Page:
So when you compare it to a char array, the array decays to a pointer as well, and the compiler then tries to find an operator == (const char*, const char*).

Such an operator does exist. It takes two pointers and returns true if they point to the same address. So the compiler invokes that, and your code breaks.

IF you want to do string comparisons, you have to tell the compiler that you want to deal with strings, not pointers.

The C way of doing this is to use the strcmp function:

strcmp(var1, "dev");

This will return zero if the two strings are equal. (It will return a value greater than zero if the left-hand side is lexicographically greater than the right hand side, and a value less than zero otherwise.)

So to compare for equality you need to do one of these:

if (!strcmp(var1, "dev")){...}
if (strcmp(var1, "dev") == 0) {...}

However, C++ has a very useful string class. If we use that your code becomes a fair bit simpler. Of course we could create strings from both arguments, but we only need to do it with one of them:

std::string var1 = getenv("myEnvVar");

if(var1 == "dev")
{
   // do stuff
}

Now the compiler encounters a comparison between string and char pointer. It can handle that, because a char pointer can be implicitly converted to a string, yielding a string/string comparison. And those behave exactly as you’d expect.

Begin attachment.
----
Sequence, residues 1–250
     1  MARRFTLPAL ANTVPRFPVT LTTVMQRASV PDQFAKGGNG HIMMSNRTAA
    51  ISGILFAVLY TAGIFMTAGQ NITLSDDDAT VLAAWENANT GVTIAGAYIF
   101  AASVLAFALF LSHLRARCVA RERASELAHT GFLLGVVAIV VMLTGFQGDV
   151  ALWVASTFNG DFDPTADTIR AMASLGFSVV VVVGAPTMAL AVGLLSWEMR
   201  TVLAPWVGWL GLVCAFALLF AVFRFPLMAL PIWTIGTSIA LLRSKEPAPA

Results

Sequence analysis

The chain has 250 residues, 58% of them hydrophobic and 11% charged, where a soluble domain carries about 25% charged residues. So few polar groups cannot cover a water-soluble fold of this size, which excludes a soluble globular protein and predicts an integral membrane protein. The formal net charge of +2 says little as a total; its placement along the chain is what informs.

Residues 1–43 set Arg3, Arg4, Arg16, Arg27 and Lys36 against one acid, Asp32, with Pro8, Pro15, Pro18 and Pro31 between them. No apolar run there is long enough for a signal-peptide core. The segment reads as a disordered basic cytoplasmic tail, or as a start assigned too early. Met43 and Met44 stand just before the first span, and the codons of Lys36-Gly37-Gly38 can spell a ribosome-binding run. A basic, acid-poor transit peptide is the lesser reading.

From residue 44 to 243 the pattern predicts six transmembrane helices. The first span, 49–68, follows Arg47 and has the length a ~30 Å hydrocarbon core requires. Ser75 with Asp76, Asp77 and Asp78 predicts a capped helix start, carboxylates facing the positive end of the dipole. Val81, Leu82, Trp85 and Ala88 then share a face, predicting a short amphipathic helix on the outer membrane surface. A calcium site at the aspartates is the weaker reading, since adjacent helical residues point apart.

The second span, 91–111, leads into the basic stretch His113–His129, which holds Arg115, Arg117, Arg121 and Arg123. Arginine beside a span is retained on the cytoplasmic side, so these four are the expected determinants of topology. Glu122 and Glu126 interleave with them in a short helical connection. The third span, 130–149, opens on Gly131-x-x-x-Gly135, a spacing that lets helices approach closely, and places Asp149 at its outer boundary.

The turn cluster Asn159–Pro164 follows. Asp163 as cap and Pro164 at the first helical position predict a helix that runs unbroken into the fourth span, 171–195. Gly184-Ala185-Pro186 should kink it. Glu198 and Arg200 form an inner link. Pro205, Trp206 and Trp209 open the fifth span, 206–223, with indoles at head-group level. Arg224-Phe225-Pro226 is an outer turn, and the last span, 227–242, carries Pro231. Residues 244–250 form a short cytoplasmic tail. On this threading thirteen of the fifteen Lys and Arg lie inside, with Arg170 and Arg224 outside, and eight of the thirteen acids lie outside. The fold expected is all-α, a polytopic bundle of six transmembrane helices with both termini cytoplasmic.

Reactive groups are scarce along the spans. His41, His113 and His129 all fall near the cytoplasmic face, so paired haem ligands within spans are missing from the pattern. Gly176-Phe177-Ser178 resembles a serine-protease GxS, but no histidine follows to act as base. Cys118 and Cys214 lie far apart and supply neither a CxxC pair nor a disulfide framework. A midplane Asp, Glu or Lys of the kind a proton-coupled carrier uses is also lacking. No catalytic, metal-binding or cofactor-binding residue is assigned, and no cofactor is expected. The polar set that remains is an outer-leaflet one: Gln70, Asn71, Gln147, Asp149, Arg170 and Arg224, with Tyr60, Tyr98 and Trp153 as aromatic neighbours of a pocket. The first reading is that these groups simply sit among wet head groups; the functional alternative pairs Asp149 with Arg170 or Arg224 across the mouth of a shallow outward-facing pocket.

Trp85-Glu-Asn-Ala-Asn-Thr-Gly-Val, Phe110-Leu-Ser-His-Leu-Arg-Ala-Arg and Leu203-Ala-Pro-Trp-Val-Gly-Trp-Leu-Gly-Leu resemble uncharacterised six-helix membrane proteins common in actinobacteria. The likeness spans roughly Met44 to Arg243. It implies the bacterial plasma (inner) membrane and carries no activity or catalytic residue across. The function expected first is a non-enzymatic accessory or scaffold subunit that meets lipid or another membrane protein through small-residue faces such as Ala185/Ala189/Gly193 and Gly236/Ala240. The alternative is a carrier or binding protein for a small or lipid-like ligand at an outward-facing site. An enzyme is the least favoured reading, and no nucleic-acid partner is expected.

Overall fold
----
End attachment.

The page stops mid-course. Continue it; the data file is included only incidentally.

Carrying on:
Respondent: John Millikin

Solution #3:

In this code you are not comparing string values, you are comparing pointer values. If you want to compare string values you need to use a string comparison function such as strcmp.

if ( 0 == strcmp(var1, "dev")) {
  ..
}
Respondent: jalf

Solution #4:

“dev” is not a string it is a const char * like var1. Thus you are indeed comparing the memory adresses. Being that var1 is a char pointer, *var1 is a single char (the first character of the pointed to character sequence to be precise). You can’t compare a char against a char pointer, which is why that did not work.